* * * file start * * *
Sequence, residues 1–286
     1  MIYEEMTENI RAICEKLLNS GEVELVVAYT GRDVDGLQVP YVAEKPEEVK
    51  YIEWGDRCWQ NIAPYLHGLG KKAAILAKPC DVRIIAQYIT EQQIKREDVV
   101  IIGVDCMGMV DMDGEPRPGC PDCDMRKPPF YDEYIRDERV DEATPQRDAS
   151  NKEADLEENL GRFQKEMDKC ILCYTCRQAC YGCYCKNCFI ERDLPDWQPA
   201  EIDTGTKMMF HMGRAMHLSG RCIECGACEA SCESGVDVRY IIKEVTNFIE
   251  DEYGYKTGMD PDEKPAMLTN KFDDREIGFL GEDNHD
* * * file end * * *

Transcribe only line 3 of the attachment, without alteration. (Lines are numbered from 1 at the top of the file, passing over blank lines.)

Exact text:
    51  YIEWGDRCWQ NIAPYLHGLG KKAAILAKPC DVRIIAQYIT EQQIKREDVV